DETROIT – There may be frustration behind the scenes over President Trump’s negotiating stance on NAFTA, but publicly, at least, Canadian trade officials present a picture of calm and appear hopeful a better three-way trade agreement with the U.S. and Mexico will emerge from the struggle.
On Tuesday, bargaining wrapped up with major provisions unresolved, and although the next round of discussions is set for Mexico City Nov. 17-21, considerable doubt has been raised about the prospects of inking an updated agreement.
But despite the snags in talks over key issues and Trump’s early track record of blowing up deals – he already has pulled the U.S. out of the Paris climate-change accord, thrown the Iran nuclear deal back to Congress for repairs, abandoned Trans-Pacific Partnership talks and appears headed toward withdrawal from a trade agreement with South Korea, Canadian officials are maintaining an even keel, expressing confidence this week a new NAFTA can get done that benefits all parties, particularly where the key auto sector is concerned.
“There’s nothing that is being presented that would cause us to back away from the table,” Douglas George, consul general of Canada, tells WardsAuto at the Canadian Consulate’s Detroit office, just hours ahead of the adjournment of talks in Arlington, VA. “Canada is certainly here to negotiate, and what we’ve seen so far certainly isn’t going to cause us to walk away.”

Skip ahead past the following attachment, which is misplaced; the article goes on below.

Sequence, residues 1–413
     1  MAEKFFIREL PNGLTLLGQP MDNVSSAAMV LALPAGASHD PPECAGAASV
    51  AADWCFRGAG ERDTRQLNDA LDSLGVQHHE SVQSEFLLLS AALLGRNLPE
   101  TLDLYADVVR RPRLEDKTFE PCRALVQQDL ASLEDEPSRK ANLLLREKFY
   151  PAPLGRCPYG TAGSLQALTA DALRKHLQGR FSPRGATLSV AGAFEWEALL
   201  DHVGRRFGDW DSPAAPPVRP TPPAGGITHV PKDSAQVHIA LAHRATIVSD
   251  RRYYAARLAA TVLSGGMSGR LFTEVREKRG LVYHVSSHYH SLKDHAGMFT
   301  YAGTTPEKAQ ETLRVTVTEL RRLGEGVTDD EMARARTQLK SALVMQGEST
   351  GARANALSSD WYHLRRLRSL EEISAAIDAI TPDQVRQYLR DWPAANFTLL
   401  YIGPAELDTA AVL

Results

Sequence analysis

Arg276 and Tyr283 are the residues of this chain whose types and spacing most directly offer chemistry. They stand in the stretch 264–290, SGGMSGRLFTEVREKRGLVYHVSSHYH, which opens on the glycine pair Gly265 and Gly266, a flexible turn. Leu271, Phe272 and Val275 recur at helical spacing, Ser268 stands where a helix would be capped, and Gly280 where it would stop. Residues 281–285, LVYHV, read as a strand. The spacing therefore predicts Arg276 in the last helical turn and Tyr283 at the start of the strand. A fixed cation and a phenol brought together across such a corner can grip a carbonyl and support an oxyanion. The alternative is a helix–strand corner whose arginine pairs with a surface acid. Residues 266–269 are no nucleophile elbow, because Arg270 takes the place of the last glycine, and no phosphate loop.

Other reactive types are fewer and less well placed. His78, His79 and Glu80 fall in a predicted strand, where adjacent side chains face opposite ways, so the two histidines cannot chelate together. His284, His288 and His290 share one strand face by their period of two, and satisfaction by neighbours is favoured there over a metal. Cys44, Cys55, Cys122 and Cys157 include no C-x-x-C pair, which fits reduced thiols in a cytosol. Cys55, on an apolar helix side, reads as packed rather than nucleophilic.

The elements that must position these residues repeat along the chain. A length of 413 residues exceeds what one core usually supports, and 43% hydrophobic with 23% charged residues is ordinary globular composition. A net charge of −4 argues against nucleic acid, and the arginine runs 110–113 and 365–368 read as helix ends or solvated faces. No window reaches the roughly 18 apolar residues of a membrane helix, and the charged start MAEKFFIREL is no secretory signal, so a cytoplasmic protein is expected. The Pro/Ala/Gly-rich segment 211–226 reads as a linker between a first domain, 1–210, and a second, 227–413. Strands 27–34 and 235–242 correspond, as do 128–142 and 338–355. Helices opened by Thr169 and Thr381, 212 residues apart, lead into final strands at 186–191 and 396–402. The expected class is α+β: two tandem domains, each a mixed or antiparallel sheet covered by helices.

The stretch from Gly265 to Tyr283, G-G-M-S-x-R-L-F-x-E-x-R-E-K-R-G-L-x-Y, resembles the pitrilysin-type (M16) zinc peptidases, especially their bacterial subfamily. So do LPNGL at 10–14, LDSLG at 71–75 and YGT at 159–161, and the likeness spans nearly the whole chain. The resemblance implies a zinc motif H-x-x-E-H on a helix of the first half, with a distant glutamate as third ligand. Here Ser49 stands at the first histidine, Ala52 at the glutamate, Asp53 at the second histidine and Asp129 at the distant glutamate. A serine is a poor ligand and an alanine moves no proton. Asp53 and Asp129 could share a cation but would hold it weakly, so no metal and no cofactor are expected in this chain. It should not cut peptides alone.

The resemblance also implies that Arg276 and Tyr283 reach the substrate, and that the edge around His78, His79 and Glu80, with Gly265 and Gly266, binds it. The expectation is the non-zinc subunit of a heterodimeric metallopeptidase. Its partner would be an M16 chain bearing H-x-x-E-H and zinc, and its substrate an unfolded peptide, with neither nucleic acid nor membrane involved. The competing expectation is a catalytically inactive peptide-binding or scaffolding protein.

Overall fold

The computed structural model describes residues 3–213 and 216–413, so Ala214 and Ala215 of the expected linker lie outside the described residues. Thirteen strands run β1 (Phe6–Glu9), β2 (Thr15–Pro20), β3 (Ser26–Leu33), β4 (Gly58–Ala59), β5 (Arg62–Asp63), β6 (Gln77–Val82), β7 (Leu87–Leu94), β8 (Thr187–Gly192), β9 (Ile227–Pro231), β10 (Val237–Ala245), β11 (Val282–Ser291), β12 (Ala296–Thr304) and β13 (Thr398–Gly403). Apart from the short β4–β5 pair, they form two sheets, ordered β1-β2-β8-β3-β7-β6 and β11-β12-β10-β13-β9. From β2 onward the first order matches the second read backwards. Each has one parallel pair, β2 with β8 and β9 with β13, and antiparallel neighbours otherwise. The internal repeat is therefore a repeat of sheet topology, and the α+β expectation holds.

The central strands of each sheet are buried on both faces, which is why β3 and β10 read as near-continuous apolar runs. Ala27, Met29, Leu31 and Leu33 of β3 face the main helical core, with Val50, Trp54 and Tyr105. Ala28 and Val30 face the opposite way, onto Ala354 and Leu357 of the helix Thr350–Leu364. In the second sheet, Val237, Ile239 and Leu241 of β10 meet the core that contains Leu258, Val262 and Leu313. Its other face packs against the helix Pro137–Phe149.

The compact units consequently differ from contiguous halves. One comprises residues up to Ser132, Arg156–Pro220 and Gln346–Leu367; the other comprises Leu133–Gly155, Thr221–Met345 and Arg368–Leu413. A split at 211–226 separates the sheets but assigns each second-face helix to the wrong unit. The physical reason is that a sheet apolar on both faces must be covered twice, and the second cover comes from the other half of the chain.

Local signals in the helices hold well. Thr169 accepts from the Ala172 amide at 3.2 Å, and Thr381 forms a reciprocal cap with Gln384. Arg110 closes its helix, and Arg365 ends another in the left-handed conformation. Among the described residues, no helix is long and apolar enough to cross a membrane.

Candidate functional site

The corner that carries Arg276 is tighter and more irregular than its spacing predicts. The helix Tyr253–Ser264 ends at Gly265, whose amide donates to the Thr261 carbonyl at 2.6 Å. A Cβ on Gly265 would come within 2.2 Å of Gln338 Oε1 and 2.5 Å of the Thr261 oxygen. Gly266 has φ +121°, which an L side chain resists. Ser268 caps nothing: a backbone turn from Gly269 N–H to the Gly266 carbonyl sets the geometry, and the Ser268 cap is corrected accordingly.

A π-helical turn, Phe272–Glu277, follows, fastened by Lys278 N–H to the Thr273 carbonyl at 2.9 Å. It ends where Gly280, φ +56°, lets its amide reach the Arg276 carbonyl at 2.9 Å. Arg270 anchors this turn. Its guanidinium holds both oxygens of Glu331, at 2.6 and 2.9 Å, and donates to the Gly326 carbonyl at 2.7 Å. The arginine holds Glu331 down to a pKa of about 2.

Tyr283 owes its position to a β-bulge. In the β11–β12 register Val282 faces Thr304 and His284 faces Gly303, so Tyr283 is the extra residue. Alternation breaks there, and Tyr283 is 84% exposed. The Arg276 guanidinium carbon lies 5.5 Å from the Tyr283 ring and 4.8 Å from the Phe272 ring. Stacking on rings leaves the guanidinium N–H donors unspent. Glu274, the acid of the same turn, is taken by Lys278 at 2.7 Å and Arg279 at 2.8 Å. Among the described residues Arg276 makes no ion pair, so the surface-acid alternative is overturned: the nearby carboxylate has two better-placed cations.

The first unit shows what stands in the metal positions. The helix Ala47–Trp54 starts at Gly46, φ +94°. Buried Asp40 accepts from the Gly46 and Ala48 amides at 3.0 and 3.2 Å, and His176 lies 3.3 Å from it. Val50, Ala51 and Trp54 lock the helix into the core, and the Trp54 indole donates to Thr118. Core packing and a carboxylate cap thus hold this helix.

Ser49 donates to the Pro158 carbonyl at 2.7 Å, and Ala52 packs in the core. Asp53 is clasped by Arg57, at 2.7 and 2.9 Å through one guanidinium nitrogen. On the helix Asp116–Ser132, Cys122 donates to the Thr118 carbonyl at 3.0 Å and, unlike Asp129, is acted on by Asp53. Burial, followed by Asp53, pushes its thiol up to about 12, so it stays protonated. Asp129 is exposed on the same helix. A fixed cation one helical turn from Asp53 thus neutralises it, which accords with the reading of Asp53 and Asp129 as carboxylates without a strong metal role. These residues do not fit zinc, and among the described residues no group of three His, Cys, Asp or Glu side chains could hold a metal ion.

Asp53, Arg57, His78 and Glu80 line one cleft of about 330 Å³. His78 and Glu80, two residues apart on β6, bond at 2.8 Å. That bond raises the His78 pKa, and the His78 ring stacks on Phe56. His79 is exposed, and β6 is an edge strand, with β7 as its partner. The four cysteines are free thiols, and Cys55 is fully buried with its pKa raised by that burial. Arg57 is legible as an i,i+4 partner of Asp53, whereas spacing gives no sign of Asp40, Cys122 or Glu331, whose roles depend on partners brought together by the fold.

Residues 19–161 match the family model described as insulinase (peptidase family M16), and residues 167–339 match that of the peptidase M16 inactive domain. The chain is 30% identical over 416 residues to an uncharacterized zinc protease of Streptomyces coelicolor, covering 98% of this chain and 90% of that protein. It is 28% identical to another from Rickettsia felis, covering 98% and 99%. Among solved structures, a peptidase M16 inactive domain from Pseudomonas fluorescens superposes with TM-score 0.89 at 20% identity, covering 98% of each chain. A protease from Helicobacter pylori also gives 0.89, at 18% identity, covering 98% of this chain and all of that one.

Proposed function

Adding pressure to these talks is the accelerated pace, suggests George, a 20-year veteran of trade negotiations who led two years of bargaining in a successful Canada-European Union trade deal but isn’t directly involved in the NAFTA discussions.
“One thing is (the negotiations) are very compressed,” he says. “Normally you have much longer between rounds, so we’re seeing things move from the early stages to the middle stages very quickly.”
The goal going in was to deliver a deal by year’s end, ahead of 2018’s presidential election in Mexico and midterm Congressional elections in the U.S., but negotiators already have agreed to extend talks into first-quarter 2018.
That should come as no surprise to George, who acknowledged earlier the end of the year deadline would be tough to meet, saying, “Canada is certainly willing to work toward that, but I don’t know if that’s actually a realistic date.”
The list of demands includes a U.S. bid to increase North American content requirements on vehicles crossing borders tariff-free to 85% from 62.5% today. Believed to be more contentious is the Trump Admin.’s position to require U.S. content of at least 50%, a provision that could be a deal-breaker for Mexico.
“I can’t say I’ve ever seen that before in trade negotiations,” George says of the U.S.’s content demands. But he doesn’t rule out Canada accepting the target. “Now we’re into the negotiation phase. What is the U.S. willing to pay to get some of the things they’re looking for?”